Leeds & West Yorkshire

Chris Ogden crushed in bin lorry after Huddersfield night out

Christopher Ogden
Image caption Chris Ogden waited for an hour at Huddersfield bus station before climbing into the skip to keep warm

A man was crushed to death after climbing into a skip to keep warm following a night out in West Yorkshire, an inquest has heard.

Bradford Coroner's Court heard how Chris Ogden, 23, from Halifax climbed into the skip an hour before the bin lorry came to collect the rubbish.

Mr Ogden had smoked cannabis before going clubbing in Huddersfield in January 2013, the court heard.

A verdict of accidental death related to alcohol and drug use was recorded.

The court heard how Mr Ogden smoked four cannabis joints with a friend before their night out.

They then downed shots and went to a club, where Mr Ogden is said to have proudly shown people photos of his young son, the court heard.

He then fell asleep, rowed with bouncers and was eventually thrown out.

CCTV showed that Mr Ogden waited for an hour at Huddersfield bus station, which was closed, before climbing into the skip at 04:47 GMT on 25 January 2013.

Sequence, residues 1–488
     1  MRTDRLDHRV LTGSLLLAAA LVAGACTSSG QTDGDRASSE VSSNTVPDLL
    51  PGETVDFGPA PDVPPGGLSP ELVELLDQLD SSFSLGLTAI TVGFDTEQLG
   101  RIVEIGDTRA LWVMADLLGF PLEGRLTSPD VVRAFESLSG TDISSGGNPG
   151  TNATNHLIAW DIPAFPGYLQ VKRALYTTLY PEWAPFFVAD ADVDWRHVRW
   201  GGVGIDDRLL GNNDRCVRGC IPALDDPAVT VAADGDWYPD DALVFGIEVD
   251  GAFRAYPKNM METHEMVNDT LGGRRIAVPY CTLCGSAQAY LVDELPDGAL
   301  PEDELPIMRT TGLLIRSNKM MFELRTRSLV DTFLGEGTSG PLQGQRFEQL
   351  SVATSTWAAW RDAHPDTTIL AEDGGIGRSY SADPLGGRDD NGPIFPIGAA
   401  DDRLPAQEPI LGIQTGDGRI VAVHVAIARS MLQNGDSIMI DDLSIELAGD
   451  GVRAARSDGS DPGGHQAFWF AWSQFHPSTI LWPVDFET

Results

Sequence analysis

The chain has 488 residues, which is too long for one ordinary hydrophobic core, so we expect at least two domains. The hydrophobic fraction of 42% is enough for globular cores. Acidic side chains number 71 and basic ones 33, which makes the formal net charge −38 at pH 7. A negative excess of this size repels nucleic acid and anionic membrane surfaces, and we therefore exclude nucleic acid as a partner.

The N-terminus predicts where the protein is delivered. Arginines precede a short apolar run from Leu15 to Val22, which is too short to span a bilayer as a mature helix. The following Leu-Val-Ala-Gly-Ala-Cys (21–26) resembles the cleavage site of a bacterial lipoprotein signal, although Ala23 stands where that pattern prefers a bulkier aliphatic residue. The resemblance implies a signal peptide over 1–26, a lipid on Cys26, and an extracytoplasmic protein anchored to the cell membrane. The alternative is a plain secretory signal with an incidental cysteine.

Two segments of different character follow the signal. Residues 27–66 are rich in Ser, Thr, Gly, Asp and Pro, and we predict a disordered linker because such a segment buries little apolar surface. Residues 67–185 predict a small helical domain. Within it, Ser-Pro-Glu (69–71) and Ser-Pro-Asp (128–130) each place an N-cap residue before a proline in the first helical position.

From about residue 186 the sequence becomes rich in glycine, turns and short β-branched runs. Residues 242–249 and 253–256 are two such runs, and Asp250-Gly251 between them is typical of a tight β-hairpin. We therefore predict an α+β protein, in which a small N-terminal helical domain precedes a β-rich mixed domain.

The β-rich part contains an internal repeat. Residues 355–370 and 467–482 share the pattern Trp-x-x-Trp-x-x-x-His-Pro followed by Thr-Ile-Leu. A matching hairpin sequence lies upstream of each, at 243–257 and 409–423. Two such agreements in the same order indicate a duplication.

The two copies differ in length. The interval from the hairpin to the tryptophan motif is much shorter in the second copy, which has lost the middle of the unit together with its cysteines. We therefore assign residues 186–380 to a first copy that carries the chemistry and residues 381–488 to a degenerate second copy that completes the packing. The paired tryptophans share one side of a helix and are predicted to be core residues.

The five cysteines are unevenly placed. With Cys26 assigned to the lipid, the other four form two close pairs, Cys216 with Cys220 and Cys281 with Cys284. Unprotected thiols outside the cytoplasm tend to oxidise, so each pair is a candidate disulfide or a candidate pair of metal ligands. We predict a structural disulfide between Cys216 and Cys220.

An hour later, a bin lorry arrived to collect the skip and compressed its contents with the mechanical crusher.

'Bin men should check'

The court was told that Mr Ogden had probably fallen asleep and was crushed to death.

His body was discovered later that day when the waste was dumped on to a conveyor belt at Leeds Paper Recycling Centre on Valley Farm Road.

Pathologist Dr Richard Shepherd, who carried out the post-mortem exam, said the cause of death was traumatic asphyxia due to the lorry's compressor crushing Mr Ogden's chest.

Mr Shepherd said toxicology reports showed alcohol and cannabis in Mr Ogden's body, which may have delayed his response to what was happening when the skip was collected.

The family of Mr Ogden, who had a two-year-old son, were angry with the verdict and said it made him look like "a drug addict".

His brother, Philip Ogden, said bin men were supposed to check for rough-sleepers.

"I have worked for a bin company, and the rules were if it was a town centre and in the early hours we had to check them because of homeless people," he said. "Every time we came to a bin we had to check."

The bin lorry driver, Anthony Flynn, said he did carry out a visual check of the skip before it was emptied, but said it was only possible to see what was on top of the 8ft by 6ft skip.

West Yorkshire Police said it had found no evidence of criminal action or neglect by the bus station, recycling firm or bin lorry drivers.

Coroner Dominic Bell said he would ask the local council if bin men could check skips and bins for people sleeping inside.

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